ROME (Reuters) - Italy intends to deploy several ships in Libyan waters by the end of August to fight human trafficking and stem a flood of immigrants, a government source said on Thursday.
A mission plan should be brought to the Cabinet for approval on Friday, and the necessary parliamentary vote to endorse it may be held next week, the source said.
“The exact number of ships and sailors is still being worked out,” said the source. If parliament approves, the mission might begin “by the end of August”, he said.
Prime Minister Paolo Gentiloni met with military chiefs and ministers on Thursday to discuss “security, immigration and the Libyan situation”, according to a statement.
The mission “is a possible turning point”, Gentiloni told reporters after the meeting. Details of the plan will be presented to parliament on Tuesday, he said.
In a letter sent on Sunday that Gentiloni outlined on Wednesday, Libya’s U.N.-backed government in Tripoli invited Italian warships into its territorial waters. On Thursday, Gentiloni said he had spoken to several European “colleagues” who support the mission.
“It pleases me to know there is a lot of support in Europe to this new possibility,” he said.
Tripoli had refused access to its waters to the European Union’s anti-trafficking sea mission Sophia since 2015, hobbling efforts to stop smugglers.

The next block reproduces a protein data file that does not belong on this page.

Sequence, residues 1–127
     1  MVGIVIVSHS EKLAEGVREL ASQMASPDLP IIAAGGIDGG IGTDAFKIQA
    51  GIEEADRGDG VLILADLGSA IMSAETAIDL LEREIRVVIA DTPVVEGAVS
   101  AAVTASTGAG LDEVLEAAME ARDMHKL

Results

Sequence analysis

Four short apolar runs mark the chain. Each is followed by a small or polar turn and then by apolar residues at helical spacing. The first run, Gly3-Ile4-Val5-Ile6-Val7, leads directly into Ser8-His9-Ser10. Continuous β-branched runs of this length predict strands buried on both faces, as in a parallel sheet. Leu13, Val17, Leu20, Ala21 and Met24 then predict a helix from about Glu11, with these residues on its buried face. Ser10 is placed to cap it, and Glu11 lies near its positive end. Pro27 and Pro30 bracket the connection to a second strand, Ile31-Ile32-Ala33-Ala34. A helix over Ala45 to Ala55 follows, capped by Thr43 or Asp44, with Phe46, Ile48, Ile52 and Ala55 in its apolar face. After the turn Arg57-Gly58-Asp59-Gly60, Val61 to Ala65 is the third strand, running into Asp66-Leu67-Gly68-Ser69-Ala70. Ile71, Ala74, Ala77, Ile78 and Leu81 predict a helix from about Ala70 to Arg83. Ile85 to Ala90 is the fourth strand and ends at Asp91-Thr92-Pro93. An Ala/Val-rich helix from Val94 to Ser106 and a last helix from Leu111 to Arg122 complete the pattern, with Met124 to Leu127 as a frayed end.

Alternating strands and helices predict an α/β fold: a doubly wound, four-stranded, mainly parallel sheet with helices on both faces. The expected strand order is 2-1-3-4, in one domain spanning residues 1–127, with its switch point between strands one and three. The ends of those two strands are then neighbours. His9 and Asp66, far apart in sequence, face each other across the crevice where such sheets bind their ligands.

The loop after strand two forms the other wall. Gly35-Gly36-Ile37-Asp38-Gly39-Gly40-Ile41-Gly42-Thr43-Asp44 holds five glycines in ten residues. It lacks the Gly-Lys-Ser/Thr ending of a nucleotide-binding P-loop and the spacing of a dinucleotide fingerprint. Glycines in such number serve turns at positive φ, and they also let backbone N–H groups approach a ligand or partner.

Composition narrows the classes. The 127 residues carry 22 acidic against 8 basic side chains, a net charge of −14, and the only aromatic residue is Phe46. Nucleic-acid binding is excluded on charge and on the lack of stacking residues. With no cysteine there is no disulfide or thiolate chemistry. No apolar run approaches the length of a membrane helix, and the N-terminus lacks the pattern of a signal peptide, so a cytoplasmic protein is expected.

As a result, some 600,000 migrants have reached Italy by sea from North Africa since 2014, making immigration a potent political issue and putting the country under increasing pressure to manage the new arrivals.
Most of the migrant boats left from Libya, where people smugglers operate with impunity amid the turmoil that has gripped the country since Muammar Gaddafi was overthrown in 2011.
A command ship heading a flotilla of at least five smaller vessels and up to 1,000 sailors will be used in the mission, newspaper Corriere della Sera reported on Thursday. Planes, helicopters and drones will also be used, it said.
The rules of engagement, the area of coastline to be patrolled and the nature of cooperation with Libya’s security forces have yet to be defined, the source said.
One thing that is clear: Italy wants migrants who are picked up by its ships - should the Libyan coastguard not be able to intervene directly - to be returned to Libya and not taken to Italy.
“This all makes sense only if we can limit the arrival of migrants in Italy,” the source said.
Migrants who reach international waters are brought to Italy because Libya is not considered a safe place for refugees, and returning them there would be a violation of international non-refoulement law.
Because the Libyan coastguard returns migrants to detention centres where they are held indefinitely in “inhuman” conditions, according to the United Nations, Italy wants U.N. agencies to bolster their presence there and to operate migrant camps that respect human rights, the source said.
Reporting by Steve Scherer, editing by Larry King